Iowa hurdler hits the ground running in return from injury

BY TORK MASON | APRIL 23, 2012 6:30 AM

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A torn hamstring was just another disappointing — and possibly season-ending — injury for Iowa hurdler Jordan Mullen.

The Atlantic, Iowa, native suffered the injury on Jan. 21 at the Adidas Invitational in Lincoln, Neb., and he was forced out of action for the third time in as many seasons. He tore his left quadriceps as a freshman and his right quadriceps last season.

But the junior hasn't seemed to miss a beat.

He made his return at the Botts Invitational on April 14 and took first place in the 110-meter high hurdles with a time of 13.88 seconds. He followed that up with another tape-breaking effort at the Musco Twilight Meet this past weekend, winning the 110-highs in 13.90 seconds.

Still, there was a period when Mullen and the coaching staff was unsure if he'd be able to compete this season.

"We wasted four weeks because we couldn't get different doctors' opinions," Mullen said. "We thought it was just a nervous [system] problem. Sitting in [the training room] for four weeks, not going anywhere — not going back, not going forward — I was about to throw in the towel."

But Mullen finally discovered the problem after getting examined by another doctor, and head trainer Terry Noonan was able to change Mullen's rehab.

Medicine is an inexact science," head coach Larry Wieczorek said. "Sometimes, it's difficult to diagnose and find just what exactly is causing the ailment, and fortunately, they did."

Junior Ethan Holmes praised Mullen's ability to keep pushing through his rehab to make it back on the track and noted that the ability is critical for a successful recovery.

"When you're going through an injury like that, it's really easy to get down on yourself and be down in the dumps," Holmes said. "I think he handled it pretty well. He stayed pretty positive with it. If you're not in it mentally, you're beat right there."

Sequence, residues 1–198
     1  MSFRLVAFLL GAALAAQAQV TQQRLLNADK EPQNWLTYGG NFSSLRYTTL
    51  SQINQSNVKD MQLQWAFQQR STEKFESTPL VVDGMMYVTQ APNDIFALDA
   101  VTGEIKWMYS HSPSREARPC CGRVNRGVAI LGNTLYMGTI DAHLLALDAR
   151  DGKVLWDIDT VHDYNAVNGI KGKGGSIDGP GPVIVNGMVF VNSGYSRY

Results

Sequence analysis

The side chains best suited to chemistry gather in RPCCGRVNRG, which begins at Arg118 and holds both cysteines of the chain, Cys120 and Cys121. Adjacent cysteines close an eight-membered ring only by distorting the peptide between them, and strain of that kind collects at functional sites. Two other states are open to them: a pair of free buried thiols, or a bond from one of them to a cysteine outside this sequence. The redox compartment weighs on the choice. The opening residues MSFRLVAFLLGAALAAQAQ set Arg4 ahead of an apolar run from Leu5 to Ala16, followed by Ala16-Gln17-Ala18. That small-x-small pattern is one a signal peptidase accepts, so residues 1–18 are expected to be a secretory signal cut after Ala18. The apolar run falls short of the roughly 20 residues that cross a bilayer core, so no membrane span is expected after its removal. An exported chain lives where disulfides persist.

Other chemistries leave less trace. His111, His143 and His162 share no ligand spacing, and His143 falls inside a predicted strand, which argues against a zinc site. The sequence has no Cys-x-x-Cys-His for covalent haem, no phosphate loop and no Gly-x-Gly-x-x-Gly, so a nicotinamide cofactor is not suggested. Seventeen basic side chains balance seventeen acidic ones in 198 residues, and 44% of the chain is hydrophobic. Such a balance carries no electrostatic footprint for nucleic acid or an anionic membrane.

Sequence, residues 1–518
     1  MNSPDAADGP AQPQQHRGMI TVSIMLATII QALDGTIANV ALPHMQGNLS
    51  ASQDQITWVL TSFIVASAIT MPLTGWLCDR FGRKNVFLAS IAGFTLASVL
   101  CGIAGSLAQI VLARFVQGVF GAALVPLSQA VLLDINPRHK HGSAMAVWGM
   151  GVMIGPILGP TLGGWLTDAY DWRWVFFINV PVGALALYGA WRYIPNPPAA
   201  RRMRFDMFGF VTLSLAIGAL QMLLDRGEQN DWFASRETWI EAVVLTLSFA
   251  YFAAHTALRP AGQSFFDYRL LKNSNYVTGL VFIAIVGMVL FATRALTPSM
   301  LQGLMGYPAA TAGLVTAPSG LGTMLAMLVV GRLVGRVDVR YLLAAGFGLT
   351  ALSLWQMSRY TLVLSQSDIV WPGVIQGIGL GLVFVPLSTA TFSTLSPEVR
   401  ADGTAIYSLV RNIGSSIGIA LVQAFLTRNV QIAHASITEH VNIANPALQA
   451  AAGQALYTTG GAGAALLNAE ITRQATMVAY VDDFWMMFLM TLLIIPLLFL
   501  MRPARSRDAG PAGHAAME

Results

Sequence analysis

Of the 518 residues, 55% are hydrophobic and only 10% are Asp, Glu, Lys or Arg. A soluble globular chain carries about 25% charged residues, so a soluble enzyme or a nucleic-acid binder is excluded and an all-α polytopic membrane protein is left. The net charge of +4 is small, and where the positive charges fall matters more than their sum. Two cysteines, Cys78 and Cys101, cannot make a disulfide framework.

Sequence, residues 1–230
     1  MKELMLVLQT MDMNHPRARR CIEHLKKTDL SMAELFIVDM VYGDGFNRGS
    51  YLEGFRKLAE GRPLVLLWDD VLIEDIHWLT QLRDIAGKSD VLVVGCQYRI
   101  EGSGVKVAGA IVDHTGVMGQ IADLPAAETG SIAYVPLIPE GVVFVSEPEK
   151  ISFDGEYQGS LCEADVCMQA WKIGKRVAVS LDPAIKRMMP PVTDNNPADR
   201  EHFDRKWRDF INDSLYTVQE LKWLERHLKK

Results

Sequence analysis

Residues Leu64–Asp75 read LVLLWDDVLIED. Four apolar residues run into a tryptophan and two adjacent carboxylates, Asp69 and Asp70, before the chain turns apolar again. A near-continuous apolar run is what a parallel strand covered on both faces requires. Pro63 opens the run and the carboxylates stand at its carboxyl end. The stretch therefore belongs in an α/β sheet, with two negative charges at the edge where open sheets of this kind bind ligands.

Mullen said he felt like he could have come back at the Battle on the Bayou on April 7, but he was held out as a precaution. He said he thought that was the right decision, but Holmes offered a different opinion on Mullen's mindset.

"Week after week, he's asking, 'Can I run this week?' " Holmes said. "The coaches had to hold him back a little bit, but it's a good they held him back, because he came out at the right time."

Wieczorek said it's difficult to tell an athlete he has to wait another week to compete again. He said the temptation is always there for a coach to use an athlete at the earliest possible opportunity, but he's never regretted waiting to bring an athlete back into the fold.

"Sometimes, wisdom is the better part of valor," he said. "You want to go, but sometimes you know it's better to wait for another day."

Holmes said the instant impact Mullen has had is not surprising. Talent and work ethic have never been the issue for his teammate, he said.

Mullen wants to see what he can do with a full outdoor season, for once.

"It's more exciting, because I've never gotten to run a full outdoor season," he said. "So we don't know what my potential is — is it limitless?"

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